Urbanization is a direct result of a population explosion. Since 1800, global population has risen from roughly 1 billion, to 6.5 billion in 2000 and a projected 9 billion by 2050. That population growth is linked with the Industrial Revolution, which supplied the power and technology to feed those extra mouths. Cities, and especially megacities like Jakarta, Rio de Janeiro or Shanghai, are now the most visible expression of human influence on the planet. The growth of cities is therefore a characteristic feature of the Anthropocene.
In ‘terraforming’ cities and building the dams and agricultural land that water and feed them, humans have wrought a roughly order of magnitude change in the long-term rate of erosion and sedimentation [9,10]. Paradoxically, while deforestation and changes in land use have resulted in more sediment transported in rivers, many of those rivers are now dammed, preventing the flow of that sediment to continental shelves [11]. Such changes may be impermanent. If human construction were to stop, for instance, nature would soon take over these constructions, reducing them to ruins over a matter of centuries. After a few millennia, perhaps only a patchy layer of concrete and building rubble would remain.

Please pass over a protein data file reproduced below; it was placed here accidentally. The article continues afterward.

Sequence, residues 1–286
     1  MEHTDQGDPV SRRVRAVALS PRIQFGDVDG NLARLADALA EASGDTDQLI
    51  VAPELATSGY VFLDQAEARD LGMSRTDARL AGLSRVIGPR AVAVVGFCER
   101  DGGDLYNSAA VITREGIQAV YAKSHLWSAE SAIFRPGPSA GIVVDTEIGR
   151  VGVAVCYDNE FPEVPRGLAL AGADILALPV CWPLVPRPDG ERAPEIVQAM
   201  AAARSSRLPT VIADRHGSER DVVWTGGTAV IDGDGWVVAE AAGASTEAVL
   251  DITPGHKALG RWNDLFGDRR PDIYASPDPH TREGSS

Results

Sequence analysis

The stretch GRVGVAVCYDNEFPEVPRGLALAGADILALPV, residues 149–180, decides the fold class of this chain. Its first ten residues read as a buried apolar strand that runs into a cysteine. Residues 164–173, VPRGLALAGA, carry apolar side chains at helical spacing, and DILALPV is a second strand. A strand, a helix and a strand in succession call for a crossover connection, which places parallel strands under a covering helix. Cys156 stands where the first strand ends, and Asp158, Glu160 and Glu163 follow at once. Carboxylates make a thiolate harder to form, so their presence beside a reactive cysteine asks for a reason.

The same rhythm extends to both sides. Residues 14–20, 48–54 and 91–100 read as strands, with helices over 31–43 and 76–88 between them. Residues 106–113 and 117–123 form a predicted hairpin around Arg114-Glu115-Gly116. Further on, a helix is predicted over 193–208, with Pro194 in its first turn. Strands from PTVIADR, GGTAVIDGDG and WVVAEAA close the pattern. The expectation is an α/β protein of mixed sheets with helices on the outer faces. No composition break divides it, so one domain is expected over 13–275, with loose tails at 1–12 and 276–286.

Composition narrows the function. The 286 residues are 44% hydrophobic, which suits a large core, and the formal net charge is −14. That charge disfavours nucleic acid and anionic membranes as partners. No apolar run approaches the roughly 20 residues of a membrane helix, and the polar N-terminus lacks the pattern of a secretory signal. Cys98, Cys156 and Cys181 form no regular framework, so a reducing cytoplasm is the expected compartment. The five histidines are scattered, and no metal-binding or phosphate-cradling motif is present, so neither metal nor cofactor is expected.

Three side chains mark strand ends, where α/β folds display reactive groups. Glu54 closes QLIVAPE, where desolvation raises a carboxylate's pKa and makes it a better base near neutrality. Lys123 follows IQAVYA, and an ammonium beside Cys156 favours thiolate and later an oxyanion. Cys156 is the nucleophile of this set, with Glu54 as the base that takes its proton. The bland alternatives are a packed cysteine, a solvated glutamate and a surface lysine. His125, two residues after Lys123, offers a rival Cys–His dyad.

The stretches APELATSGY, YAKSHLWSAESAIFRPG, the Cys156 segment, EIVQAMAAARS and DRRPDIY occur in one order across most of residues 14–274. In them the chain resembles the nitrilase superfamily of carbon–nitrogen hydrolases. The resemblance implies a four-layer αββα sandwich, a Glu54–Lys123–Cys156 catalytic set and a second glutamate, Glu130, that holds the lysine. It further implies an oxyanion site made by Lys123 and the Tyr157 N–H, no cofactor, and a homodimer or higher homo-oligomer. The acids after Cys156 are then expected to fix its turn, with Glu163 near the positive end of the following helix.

The biological and chemical signals left by humans—invisible, intangible in our day-to-day lives—may leave a signal more profound than the physical structures of the world’s megacities. Thus, dissolution of increased atmospheric CO2 into the oceans is increasing their acidity. A significant drop in oceanic pH has already occurred, and further decreases are almost certain. The biological response is complex, but will stress many calcifying organisms such as corals or the marine plankton that form the base of many food chains. Ocean acidification alone may substantially change marine ecosystems over the next century, contribute to global biodiversity decline, and so produce a distinctive event in the future fossil record.
3. Dealing with geological time